I was trying to form my own opinion about what might be the best solution, but I didn’t really like any of our available options. All of them would have helped, but they also came with some undesirable consequences.
Somewhat restless I kept trying to find a better way forward. That’s when I noticed something interesting. All of the proposed solutions were trying to resolve the issues right where they occured: in the platform services owned by our own department.
And then something else caught my attention: all the participants in the discussion were part of our own department. There was no one representing the other departments; neither from the department that depended on our systems, nor from the department that our systems depended on.
So I decided to reach out to a few of my peers in those departments to ask for help and their opinions.
I did not anticipate what a simple solution we would find together.
The power of going across and beyond
After reaching out to a couple of developers from the other departments, it didn’t take long for someone from the product department to get back to me. A conversation pretty close to the following one unfolded:
Me: Hey, we are experiencing some issues with the additional load caused by the most recent changes. We’re looking for a way to reduce traffic and I was wondering if you could help me understand a thing or two?
Developer: Yeah, I’ve heard about those problems, but I thought your team was taking care of it already?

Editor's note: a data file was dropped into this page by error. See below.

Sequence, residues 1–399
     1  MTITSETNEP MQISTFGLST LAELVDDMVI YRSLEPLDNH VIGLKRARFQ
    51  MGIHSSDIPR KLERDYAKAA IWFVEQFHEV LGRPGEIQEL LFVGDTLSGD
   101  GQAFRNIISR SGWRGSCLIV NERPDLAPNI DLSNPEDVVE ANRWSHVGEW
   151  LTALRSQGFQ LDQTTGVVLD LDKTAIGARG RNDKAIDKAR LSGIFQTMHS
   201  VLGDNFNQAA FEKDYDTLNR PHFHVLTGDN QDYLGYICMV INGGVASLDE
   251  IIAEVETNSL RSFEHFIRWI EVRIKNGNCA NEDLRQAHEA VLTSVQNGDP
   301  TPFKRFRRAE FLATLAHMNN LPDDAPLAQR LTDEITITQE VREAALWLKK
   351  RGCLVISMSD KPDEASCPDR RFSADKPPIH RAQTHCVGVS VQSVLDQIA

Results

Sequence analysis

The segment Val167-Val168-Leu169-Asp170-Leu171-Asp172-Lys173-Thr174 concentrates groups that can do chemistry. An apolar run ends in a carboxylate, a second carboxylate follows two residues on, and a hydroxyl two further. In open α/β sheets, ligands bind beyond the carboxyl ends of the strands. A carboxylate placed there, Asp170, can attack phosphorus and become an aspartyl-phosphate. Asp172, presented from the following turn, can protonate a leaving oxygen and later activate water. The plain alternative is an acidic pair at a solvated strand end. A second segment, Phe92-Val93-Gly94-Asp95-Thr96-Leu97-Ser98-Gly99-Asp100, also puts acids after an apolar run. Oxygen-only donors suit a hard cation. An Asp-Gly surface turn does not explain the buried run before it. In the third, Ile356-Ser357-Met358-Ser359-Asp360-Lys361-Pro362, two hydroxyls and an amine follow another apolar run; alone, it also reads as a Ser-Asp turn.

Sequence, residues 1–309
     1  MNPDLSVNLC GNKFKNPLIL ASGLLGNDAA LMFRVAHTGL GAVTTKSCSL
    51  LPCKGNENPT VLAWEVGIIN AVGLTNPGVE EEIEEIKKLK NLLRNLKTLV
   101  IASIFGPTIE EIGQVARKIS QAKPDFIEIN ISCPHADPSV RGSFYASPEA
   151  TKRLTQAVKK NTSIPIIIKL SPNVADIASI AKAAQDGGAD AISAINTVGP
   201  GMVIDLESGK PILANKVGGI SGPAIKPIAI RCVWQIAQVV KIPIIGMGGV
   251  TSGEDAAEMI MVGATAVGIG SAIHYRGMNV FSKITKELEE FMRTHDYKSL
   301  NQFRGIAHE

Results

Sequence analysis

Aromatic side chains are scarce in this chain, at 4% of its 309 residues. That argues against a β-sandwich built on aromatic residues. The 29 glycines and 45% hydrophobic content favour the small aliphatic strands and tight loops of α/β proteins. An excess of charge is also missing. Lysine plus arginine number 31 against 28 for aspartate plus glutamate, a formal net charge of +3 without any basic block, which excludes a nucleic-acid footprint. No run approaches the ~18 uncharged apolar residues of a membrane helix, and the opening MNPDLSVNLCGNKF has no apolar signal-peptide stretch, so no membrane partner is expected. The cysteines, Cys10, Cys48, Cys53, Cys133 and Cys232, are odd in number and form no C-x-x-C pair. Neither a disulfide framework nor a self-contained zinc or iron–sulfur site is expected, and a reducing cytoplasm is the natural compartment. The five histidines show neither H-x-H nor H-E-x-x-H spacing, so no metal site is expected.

Me: We are, but so far none of the solutions we came up with feels particularly great. So I was wondering if there was a better way. Can you think of one?
Developer: Hm, now that you ask … I think there is something we could do. The majority of the traffic we generate is really not necessary. We are running a lot of queries even though we know the answer to them already. We can definitely get rid of that traffic. It’s just that we didn’t think these queries could cause problems when we wrote them.
And indeed. It turned out that most of the headache-causing traffic was simply not necessary and could easily be avoided. A couple of code changes and one deployment later, we did see a significant drop in traffic and with that all of the rate limiting errors vanished.
All it took was for one developer from the product department to set their mind to the problem. Once that had happened, a most elegant solution was found.
Look at the whole system, not just the parts
So, is there anything we can learn from this story? I think so!
Every time you discover a problem in the software that you and your colleagues are working on, remind yourself that that software is just a part of a larger system.
And while it is tempting to focus your problem solving only on the part of the system you know most about, you should always remember this: What matters is how well the entire system works and not just how well each part of it works.
Taking a step back to look at the larger picture every now and then will yield some mighty rewards.